2016 season preview: Iowa Hawkeyes

The Hawkeyes may not be able to pull off another perfect regular season, but they remain favorites in the Big Ten West.

| 3 months ago
(AP Photo/Charlie Neibergall)

(AP Photo/Charlie Neibergall)

2016 season preview: Iowa Hawkeyes

The Hawkeyes finished the 2015 regular season with a perfect 12-0 record, only to be defeated by Michigan State in the Big Ten Championship Game and humiliated by Stanford in the Rose Bowl. While the regular season schedule should test them more this year, they return a significant amount of experience from last year’s West division championship team. Let’s take a look at what the 2016 season has in store:


The Big Ten is very short on QB talent, but Iowa’s C.J. Beathard stands out as the highest graded returning QB from 2015 in the Big Ten. He may not have a typical NFL arm, but he can make plays with his feet, and executes Iowa’s system efficiently, particularly when utilizing play-action (his 120.3 NFL QB rating off play-action fakes ranks him ninth among returning FBS QBs). He must improve his deep passing (he completed just 18-of-49 throws of 20 yard or more from the line of scrimmage), but his ability to buy time and improvise often resulted in positive plays outside of the pocket, and ranked him fifth among returning QBs in rating on throws made at least 2.6 seconds after the snap.

While RB Jordan Canzeri departs, LeShun Daniels, who graded better and is a better athlete than Canzeri last year despite less snaps, is back, as is Akrum Wadley. This should be a formidable duo, as they are also joined in the backfield by FB Adam Cox, who last year was our fourth-highest returning FB in run blocking. 2015’s leading receiver, Matt Vandeberg (65 catches for 702 yards last season), returns this year, as does George Kittle, who is likely the most complete TE in CFB.

The top returning offensive lineman is RG Sean Welsh, as he holds our eighth-highest run blocking grade from 2015 among returning guards. Also returning are starters Cole Croston (LT) and Boone Myers (LG). Center Ike Boettger and RT James Daniels are projected to be the other two starters on the line, and both took over 250 snaps in 2015.


The defense is led by CB Desmond King, who could be a top-ten pick in the NFL draft next spring. He is joined in the secondary by CB Greg Maybin and strong safety Miles Taylor, both of whom started last season and logged well over 850 snaps.

The defensive line also returns three starters from last season, highlighted by defensive tackle Jaleel Johnson. He boasts the 15th-highest run grade in 2015 from returning FBS DTs. Outside of Johnson, none of the returning defensive linemen for Iowa posted positive overall grades, and in particular their pass rushing grades were unimpressive.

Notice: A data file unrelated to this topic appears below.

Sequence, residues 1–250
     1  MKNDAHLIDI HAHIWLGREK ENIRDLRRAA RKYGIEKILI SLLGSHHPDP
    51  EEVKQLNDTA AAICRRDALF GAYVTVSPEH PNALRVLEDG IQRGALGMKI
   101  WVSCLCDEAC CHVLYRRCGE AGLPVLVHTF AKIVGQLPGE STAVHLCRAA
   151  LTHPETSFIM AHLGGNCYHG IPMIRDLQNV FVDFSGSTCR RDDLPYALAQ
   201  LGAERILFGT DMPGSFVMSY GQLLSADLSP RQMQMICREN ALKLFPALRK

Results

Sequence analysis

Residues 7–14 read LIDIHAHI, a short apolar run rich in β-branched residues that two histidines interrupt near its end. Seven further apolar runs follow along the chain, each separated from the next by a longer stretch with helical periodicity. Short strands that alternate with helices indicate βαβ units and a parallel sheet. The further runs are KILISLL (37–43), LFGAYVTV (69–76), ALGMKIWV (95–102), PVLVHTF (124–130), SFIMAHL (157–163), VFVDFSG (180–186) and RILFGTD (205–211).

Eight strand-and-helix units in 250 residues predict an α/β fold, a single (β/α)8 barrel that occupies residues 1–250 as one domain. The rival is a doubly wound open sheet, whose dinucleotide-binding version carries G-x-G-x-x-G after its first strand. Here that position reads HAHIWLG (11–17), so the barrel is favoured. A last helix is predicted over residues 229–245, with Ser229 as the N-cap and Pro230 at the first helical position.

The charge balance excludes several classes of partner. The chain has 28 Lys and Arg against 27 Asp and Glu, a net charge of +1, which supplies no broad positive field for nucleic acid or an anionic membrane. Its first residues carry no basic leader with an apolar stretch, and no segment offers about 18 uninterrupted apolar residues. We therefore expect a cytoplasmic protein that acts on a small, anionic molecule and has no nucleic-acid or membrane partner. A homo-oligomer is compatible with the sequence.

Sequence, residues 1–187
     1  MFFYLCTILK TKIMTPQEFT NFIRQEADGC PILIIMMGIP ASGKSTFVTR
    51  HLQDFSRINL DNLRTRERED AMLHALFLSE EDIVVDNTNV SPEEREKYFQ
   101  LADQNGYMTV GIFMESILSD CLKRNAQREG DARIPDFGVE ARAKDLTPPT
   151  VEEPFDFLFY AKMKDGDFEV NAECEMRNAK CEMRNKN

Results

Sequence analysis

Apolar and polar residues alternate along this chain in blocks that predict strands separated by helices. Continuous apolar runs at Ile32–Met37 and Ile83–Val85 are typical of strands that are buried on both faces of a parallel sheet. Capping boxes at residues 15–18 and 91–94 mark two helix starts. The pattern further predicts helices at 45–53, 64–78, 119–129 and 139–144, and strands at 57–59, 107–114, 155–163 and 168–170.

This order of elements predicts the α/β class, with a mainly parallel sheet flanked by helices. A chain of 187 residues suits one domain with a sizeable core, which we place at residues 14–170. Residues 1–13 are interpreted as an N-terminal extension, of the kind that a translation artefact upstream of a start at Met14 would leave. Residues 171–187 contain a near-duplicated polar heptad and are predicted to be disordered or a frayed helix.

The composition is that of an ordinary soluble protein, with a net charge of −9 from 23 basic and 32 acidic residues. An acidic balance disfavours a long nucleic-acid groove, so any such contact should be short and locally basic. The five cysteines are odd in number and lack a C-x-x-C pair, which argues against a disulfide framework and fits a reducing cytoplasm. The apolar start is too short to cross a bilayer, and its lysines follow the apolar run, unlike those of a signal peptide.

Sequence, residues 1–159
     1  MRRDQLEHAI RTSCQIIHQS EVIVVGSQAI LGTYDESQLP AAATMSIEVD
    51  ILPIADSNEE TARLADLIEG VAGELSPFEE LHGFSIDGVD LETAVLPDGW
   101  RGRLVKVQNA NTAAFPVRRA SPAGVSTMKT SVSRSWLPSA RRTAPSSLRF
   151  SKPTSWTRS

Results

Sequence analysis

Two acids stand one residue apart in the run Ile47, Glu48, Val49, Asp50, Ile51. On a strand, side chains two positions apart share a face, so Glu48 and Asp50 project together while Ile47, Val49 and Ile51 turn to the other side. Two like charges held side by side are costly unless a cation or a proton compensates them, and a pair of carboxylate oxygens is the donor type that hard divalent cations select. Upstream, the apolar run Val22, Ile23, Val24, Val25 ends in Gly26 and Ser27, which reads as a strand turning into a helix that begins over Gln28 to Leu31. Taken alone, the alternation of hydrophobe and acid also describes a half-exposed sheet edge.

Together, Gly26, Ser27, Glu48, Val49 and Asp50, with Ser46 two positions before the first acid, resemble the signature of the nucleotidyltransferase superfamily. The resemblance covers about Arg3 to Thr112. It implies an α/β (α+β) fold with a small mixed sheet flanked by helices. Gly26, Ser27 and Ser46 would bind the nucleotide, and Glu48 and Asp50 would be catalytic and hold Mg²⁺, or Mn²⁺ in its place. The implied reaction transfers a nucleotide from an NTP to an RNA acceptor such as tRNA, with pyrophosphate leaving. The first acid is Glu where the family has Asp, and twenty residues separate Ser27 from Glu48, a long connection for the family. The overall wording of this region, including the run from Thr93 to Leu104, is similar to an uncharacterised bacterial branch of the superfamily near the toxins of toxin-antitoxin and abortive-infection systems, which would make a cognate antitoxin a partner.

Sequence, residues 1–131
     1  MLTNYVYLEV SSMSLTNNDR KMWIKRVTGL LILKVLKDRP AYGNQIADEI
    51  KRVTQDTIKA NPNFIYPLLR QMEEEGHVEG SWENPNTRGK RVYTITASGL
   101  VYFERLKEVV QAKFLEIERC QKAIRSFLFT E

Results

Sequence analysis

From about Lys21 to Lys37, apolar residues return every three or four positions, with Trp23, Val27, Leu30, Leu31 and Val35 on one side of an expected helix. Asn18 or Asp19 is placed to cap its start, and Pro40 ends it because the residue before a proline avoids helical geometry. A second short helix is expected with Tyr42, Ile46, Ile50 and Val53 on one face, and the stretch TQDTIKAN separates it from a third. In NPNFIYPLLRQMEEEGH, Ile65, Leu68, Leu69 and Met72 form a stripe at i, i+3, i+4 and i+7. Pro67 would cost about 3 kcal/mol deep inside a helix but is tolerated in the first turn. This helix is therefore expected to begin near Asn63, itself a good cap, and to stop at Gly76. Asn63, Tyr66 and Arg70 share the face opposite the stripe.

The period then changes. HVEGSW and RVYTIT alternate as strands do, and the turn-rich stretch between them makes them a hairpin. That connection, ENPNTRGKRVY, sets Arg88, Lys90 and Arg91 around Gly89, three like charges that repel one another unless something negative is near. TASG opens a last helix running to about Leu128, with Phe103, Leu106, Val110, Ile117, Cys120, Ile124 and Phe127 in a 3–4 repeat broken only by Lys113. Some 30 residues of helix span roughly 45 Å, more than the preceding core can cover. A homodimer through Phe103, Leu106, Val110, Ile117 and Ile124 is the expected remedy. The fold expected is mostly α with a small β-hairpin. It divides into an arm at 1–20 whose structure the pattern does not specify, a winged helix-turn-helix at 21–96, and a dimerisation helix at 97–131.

The linebacker corps looks to be in better shape than the defensive line, as Josey Jewell and Ben Niemann return as starters from last year’s unit, as does Bo Bower (207 snaps in 2015), who was the strongest of the three on run defense last season. Jewell graded positively in all three phases of defensive play, but was particularly impressive in coverage last season (he had our third-highest run grade among returning linebackers). 

Star player 

Without question, King is the undisputed star of the team. He was our second-highest graded CB in all of FBS last year, behind only Michigan’s Jourdan Lewis. His eight interceptions (which led the country) combined with 12 pass break ups also puts him at No. 1 in terms of total passes defended. QBs had a NFL rating of just 48.6 when throwing at him — 12th-best among returning CBs.

Breakout player 

Kittle P and P

TE George Kittle is our second-highest graded returning TE from 2015, even though he played less than 400 snaps. Now poised to take over as the full-time starter, Kittle looks poised for a monster year in 2016. He holds the sixth-highest receiving grade from last year among tight ends, as well as the fifth-best mark for run blocking.

Bottom line 

Last year’s impressive regular season record was certainly aided by Iowa’s schedule, as the Hawkeyes avoided Michigan State, Ohio State and Michigan. This year should be a much tougher schedule, as divisional opponents Minnesota, Wisconsin and Nebraska all look to be improved (although Minnesota is the only road game of the three), and they will host a loaded Michigan team on November 12. While it is unlikely they make it through the regular season unscathed once again — considering the offense essentially returns intact and the defenses has experienced studs at all three levels — the Hawkeyes should be considered favorites to repeat in the West division.

| Analyst

Josh joined PFF as an analyst in 2015. During the season, his primary focus is college football (mainly the Big Ten). He is also heavily involved in PFF's NFL draft coverage. Prior to joining the team, he worked for six years with GM Jr. Scouting, an independent draft scouting service.